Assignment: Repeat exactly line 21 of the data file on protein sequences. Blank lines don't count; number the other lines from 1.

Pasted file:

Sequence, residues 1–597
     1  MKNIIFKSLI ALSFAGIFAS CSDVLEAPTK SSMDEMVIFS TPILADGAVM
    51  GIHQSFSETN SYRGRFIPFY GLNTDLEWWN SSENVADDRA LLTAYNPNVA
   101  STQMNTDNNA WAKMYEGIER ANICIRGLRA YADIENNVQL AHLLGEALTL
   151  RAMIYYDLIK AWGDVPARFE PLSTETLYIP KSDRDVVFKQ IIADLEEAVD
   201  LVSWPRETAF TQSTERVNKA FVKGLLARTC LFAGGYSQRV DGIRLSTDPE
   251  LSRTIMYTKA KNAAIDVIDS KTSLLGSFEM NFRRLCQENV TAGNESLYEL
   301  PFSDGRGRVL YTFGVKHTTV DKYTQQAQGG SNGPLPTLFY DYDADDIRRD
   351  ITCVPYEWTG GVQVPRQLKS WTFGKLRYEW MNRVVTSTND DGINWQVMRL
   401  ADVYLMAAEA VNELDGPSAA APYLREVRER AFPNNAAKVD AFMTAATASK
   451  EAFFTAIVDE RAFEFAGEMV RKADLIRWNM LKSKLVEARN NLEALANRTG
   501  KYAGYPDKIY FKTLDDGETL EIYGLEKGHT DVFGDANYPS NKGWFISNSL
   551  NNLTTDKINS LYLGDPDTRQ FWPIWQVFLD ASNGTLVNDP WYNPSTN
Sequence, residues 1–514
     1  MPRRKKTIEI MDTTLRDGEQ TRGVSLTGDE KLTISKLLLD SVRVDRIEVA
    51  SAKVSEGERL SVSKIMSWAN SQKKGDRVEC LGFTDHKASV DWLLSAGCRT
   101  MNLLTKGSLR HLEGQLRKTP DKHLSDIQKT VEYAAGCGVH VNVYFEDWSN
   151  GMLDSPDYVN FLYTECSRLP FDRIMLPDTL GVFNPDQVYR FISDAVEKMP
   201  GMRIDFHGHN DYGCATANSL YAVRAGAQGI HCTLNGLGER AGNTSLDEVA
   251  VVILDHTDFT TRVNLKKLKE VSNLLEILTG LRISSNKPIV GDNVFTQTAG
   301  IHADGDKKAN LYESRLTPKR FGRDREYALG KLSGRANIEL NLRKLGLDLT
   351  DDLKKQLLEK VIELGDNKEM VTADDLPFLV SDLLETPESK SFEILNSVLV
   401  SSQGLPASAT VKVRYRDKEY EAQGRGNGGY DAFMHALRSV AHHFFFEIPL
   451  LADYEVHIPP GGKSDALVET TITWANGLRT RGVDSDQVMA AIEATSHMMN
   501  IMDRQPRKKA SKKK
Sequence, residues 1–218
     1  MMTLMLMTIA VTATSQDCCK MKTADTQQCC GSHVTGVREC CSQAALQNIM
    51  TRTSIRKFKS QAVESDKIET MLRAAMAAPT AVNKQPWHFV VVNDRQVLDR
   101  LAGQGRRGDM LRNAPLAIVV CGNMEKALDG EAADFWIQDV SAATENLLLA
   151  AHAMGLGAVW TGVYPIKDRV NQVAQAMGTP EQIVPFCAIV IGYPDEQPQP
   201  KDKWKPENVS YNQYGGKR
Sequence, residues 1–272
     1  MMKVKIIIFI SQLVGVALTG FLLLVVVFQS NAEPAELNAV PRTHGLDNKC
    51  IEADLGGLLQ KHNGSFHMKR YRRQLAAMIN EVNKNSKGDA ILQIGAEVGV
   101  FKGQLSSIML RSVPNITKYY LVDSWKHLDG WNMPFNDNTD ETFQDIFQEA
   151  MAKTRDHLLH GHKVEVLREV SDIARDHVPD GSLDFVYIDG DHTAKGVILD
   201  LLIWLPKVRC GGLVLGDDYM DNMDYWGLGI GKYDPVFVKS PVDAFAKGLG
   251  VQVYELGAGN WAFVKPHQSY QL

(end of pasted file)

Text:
   301  IHADGDKKAN LYESRLTPKR FGRDREYALG KLSGRANIEL NLRKLGLDLT